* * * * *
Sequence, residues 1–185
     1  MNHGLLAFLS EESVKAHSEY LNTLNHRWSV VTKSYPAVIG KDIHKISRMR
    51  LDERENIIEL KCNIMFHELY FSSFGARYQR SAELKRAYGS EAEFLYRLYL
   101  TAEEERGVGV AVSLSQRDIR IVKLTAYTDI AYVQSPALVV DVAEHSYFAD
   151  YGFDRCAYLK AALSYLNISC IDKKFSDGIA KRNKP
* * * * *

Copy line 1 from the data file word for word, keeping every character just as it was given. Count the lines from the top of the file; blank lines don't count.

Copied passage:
Sequence, residues 1–185